In this week’s Torah portion, we read the story of Noah and his ark as well as the story of the Tower of Babel. In the Babel story, everyone on earth had the same language. They said to one another, “Come, let us make bricks… and build a city, and a tower with its top in the sky, to make a name for ourselves; else we shall be scattered all over the world.” G-d, seeing this hubris, decides to confound their speech and scatter them over the face of the earth.
The story probably once served to simply explain why people speak many different languages, but as with all biblical stories, there is a deeper truth hidden within. The Italian Torah commentator, scientist, and philosopher Obadaiah Sforno (1475-1550) believed that the tower builders wanted everyone to be the same – one religion, one point of view on the world, one political way of doing things. According to Sforno, differences of opinion were not tolerated. This, he believed, was their great sin. Sforno believed that when G-d saw that the tower builders were attempting to crush people’s freedom of thought and discussion, it became necessary to scatter the builders throughout the world and to confound their speech. In doing so, G-d emphasized their differences.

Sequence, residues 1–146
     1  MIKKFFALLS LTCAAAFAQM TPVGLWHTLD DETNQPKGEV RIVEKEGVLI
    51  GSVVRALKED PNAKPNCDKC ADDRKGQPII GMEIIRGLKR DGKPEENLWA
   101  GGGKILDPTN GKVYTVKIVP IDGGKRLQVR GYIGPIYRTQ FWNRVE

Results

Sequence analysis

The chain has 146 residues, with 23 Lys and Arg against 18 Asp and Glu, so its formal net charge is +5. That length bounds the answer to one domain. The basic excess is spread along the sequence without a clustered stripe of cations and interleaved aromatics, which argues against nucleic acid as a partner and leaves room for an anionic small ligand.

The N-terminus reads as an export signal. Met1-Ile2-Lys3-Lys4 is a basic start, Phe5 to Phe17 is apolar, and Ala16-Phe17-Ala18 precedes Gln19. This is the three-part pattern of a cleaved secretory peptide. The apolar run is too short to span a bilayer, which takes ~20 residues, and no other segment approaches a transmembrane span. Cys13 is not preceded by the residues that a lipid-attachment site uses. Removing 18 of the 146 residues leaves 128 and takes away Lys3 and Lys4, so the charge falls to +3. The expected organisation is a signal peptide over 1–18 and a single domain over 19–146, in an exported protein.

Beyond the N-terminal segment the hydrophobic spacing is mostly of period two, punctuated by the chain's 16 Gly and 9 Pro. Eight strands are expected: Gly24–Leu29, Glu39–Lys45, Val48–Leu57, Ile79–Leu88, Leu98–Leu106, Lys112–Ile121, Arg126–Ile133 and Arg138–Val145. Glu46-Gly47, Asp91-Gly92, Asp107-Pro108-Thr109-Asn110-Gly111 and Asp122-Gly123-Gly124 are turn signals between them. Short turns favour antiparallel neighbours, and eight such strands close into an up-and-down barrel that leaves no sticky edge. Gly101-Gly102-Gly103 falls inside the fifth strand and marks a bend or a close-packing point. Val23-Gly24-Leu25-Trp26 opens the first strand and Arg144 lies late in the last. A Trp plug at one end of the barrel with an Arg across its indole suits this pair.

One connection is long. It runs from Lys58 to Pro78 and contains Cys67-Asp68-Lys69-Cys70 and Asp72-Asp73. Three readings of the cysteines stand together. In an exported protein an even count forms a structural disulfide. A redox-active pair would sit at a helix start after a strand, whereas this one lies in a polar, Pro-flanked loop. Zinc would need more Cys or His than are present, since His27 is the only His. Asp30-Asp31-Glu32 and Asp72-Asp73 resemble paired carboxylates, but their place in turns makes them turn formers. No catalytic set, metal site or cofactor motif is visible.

Our differences are what make us human, and as such we are like the rainbow that we saw earlier in the parsha in the Noah story. If you mix the colors all together, you get something indistinct and not particularly beautiful. It is in the contrast where the beauty lies. When we humans can dwell together like the colors of the rainbow, then we truly become a tower to the heavens – full of all of the potential in the world. But when we try to become all the same, we can only remain scattered and babbling.
Cantor Sally Neff